Dependent Variable
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Binary logistic regression expression
BINARY
Y = Dependent Variables
ß˚ = Constant
ß1 = Coefficient of variable X1
X1 = Independent Variables
E = Error Term
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SAMPLE SIZE
Very small samples have so much sampling
errors.
Very large sample size decreases the chances of
errors.
Logistic requires larger sample size than multiple
regression.
Hosmer and Lamshow recommended sample
size greater than 400.
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SAMPLE SIZE PER CATEGORY OF THE
INDEPENDENT VARIABLE
The recommended sample size for each group is at
least 10 observations per estimated parameters.
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Estimation of logistic regression model
assessing overall fit
Logistic relationship describe earlier in both estimating the logistic
model and establishing the relationship between the dependent
and independent variables.
Result is a unique transformation of dependent variables which
impacts not only the estimation process but also the resulting
coefficients of independent variables.
19.
Maximum Likelihood Estimation
(MLE)
MLE is a statistical method for estimating the
coefficients of a model.
The likelihood function (L) measures the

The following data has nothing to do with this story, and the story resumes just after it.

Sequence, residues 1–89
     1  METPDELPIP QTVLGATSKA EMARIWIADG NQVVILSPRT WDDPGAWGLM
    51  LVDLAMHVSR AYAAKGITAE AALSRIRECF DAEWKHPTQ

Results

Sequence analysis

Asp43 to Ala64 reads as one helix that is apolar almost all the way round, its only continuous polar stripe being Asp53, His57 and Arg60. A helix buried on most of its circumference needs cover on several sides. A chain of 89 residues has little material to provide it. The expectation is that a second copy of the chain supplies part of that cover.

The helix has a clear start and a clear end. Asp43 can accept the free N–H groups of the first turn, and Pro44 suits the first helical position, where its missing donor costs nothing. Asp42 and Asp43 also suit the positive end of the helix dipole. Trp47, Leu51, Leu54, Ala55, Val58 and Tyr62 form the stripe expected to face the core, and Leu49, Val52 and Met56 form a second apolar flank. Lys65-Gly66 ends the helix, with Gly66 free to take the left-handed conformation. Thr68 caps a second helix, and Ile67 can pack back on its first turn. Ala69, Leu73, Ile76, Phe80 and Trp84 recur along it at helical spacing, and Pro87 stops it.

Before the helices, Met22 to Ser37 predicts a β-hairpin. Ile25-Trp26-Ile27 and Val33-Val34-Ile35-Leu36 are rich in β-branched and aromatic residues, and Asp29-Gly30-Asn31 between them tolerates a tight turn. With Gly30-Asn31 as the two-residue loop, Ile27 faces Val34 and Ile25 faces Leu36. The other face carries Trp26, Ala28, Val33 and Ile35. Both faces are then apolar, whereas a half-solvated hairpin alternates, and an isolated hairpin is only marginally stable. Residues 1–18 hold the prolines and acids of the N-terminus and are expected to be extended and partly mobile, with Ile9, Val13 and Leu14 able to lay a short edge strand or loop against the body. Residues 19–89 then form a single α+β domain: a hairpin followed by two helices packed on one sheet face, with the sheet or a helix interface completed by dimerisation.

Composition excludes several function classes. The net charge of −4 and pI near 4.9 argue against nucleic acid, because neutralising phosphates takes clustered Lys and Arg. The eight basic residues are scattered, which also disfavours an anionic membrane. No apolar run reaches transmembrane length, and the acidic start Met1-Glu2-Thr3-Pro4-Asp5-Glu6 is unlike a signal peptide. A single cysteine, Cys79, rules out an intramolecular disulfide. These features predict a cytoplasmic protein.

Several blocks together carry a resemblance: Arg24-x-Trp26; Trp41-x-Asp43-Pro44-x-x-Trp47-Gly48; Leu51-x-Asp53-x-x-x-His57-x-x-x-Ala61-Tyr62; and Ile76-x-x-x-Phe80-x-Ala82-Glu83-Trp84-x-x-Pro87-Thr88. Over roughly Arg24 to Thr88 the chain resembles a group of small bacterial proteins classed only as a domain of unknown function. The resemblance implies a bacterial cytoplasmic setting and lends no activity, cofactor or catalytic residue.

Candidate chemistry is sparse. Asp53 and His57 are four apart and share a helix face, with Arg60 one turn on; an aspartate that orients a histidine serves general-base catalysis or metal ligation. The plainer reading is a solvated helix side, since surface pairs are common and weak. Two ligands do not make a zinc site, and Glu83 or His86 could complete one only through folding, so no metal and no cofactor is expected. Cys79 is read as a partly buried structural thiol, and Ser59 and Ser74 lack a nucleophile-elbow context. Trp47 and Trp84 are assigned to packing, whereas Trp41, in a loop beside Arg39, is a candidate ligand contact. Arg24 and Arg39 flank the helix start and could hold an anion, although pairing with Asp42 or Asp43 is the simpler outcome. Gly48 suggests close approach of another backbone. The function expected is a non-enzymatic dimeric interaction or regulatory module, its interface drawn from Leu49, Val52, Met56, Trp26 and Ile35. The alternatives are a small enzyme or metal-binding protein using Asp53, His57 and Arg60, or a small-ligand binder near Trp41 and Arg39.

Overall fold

probability of observing the particular set of
dependent variable values (p1, p2, ..., pn) that
occur in the sample:
L = Prob (p1* p2* * * pn)
The higher the L, the higher the probability of
observing the ps in the sample.
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Transforming the dependent
variable
S-shaped
Range (0-1)
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Comparing LP and Logit Models
LP Model
1
Logit Model
0
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Description of the data
The data used to conduct logistic regression is from a survey of 30
homeowners conducted by an electricity company about an offer of roof
solar panels with a 50% subsidy from the state government as part of the
state’s environmental policy.
The variables are:
•IVs: household income measured in units of a thousand dollars
age of householder
monthly mortgage
size of family household